State agencies have already counted 62 human-caused wildfires in 2019
Part of Joint Base Elmendorf-Richardson is on fire, but people nearby don't have to worry.
Crews from the JBER Fire Department, the Alaska Division of Forestry, and Air Force Wildland Fire Branch started a multi-day prescribed burn Monday. They're setting fire to nearly 1,800 acres as they remove dry grass from military training ranges to help make it safer for those who use the area.
"They typically shoot a lot of different ordinance out here," said Jonathan Glover of the Air Force Wildland Fire Branch who is supervising the prescribed burn. "Historically, they wind up getting up getting ignitions off that ordinance, whether it's tracer rounds, or other stuff that pops out here."
Alaska's fire season runs from April 1 to August 31, according to the Department of Natural Resources, during which people must have a burn permit for nearly all open burning. It's already been a busy time lately for the Division of Forestry as it reported 13 human-caused wildfires across Alaska last weekend. All but two were located in the Mat-Su and on the Kenai Peninsula.
"One of those fires, the 2.5-acre Bluff Drive Fire in Ninilchik on Saturday, forced the evacuation of four homes, one of which was damaged by flames as the fire passed by the house," the statement from the agency reads.
Fast action by the state and local fire departments put out the blaze before it could get worse, according to a Facebook post from the Kenai Peninsula Borough.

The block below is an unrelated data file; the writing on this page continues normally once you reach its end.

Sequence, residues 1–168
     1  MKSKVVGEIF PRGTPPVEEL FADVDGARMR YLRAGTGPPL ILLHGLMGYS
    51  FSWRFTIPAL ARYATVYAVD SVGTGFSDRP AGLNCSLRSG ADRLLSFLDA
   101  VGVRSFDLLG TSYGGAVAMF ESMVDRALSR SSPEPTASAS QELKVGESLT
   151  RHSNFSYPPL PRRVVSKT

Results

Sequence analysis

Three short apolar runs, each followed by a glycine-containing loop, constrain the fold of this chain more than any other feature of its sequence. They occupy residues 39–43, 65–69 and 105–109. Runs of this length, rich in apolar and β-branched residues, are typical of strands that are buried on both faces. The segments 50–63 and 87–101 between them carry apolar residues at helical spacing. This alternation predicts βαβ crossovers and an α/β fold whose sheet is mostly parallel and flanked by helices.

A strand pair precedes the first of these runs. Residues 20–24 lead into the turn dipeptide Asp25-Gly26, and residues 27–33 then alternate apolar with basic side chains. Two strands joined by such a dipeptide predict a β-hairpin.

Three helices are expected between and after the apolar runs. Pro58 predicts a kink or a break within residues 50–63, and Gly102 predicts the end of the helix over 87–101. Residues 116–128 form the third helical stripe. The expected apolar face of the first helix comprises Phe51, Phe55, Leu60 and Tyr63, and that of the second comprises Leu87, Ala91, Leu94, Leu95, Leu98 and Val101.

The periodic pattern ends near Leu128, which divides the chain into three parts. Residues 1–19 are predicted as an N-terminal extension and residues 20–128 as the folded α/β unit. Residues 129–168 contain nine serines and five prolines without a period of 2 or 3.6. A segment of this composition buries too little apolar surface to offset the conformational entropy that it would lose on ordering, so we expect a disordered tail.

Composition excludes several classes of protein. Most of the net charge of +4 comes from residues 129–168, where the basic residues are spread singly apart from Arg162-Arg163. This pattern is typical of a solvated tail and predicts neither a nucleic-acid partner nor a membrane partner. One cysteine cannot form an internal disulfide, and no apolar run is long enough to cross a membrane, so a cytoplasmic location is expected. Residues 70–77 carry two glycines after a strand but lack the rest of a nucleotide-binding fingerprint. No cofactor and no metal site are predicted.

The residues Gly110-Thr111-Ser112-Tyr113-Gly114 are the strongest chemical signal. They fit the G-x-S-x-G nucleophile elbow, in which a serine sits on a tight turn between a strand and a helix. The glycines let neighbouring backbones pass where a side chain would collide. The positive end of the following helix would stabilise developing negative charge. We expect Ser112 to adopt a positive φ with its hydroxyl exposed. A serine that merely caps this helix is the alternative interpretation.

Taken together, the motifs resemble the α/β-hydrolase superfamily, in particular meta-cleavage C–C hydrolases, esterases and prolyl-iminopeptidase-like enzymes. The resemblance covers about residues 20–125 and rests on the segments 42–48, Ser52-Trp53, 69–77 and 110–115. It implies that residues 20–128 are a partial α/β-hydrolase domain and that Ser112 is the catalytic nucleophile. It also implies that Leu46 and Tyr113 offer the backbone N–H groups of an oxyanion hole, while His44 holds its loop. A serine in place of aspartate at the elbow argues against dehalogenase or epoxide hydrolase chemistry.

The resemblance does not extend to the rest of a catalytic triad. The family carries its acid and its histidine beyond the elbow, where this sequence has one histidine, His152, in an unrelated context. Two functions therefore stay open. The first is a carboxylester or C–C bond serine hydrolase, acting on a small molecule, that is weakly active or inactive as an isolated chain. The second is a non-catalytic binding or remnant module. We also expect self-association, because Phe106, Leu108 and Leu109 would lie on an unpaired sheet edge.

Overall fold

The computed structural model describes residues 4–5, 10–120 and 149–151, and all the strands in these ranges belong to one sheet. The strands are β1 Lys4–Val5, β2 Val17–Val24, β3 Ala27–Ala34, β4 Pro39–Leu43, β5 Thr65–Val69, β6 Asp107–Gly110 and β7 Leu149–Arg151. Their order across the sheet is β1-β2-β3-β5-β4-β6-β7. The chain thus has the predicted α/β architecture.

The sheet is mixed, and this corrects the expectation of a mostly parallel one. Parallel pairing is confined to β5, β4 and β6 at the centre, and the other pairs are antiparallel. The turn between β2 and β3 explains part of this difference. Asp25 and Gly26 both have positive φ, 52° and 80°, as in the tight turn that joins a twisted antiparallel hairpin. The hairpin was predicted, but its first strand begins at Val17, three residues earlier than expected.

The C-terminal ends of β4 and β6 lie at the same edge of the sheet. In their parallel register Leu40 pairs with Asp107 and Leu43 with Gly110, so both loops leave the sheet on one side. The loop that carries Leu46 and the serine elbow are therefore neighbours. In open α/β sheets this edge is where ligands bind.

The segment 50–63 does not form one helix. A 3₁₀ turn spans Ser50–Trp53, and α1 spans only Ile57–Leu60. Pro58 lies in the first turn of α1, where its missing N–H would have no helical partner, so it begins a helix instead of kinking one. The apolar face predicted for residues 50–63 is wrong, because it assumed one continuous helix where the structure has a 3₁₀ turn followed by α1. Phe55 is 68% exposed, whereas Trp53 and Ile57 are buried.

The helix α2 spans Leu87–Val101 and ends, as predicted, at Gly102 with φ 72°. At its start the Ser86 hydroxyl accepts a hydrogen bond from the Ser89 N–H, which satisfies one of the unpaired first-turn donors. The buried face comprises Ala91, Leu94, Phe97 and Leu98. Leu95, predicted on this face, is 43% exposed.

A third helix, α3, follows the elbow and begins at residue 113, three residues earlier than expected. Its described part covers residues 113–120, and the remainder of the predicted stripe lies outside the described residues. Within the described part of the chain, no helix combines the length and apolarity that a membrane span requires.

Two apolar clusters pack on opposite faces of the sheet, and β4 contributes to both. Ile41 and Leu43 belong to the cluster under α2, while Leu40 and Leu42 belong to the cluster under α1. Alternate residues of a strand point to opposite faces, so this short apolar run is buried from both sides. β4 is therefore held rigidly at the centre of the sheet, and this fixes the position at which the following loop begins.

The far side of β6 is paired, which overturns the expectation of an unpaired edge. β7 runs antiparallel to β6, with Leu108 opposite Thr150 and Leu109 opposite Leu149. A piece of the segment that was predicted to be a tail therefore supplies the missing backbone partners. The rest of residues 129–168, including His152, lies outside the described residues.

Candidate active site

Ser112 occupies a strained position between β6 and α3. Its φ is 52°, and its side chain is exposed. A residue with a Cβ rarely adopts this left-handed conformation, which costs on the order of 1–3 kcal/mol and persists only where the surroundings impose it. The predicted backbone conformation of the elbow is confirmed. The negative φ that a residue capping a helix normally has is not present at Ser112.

As of Monday, there have been a total of 63 fires that have burned a combined 293 acres around the state, according to statistics compiled by the Alaska Interagency Coordination Center. Sixty-two of the fires were human-caused; one was caused by lightning.
With so many caused by people, the fires can also be prevented by people.
"A lot of these starts are either burn barrels, getting into the dry, cured grass, or debris burns that are getting away from folks," said Division of Forestry spokesman Phil Blydenburgh. "If you look around, and look at the stuff we're burning today, it's that cured dry grass. we get the low humidities, and just a little bit of wind, it doesn't take much to get a fire going in that grass."
Burn suspensions were issued for the Kenai Peninsula on Sunday and Monday and in Delta and Tok on Monday due to the dry conditions, according to the Division of Forestry's release. Open debris burning and the use of burn barrels are prohibited during a burn suspension. Small warming or camp fires under 3 feet in diameter are allowed.
The Division of Forestry reminds Alaskans to check the conditions before starting a controlled burn. A map of current burn suspensions and closures can be found on the state's website.
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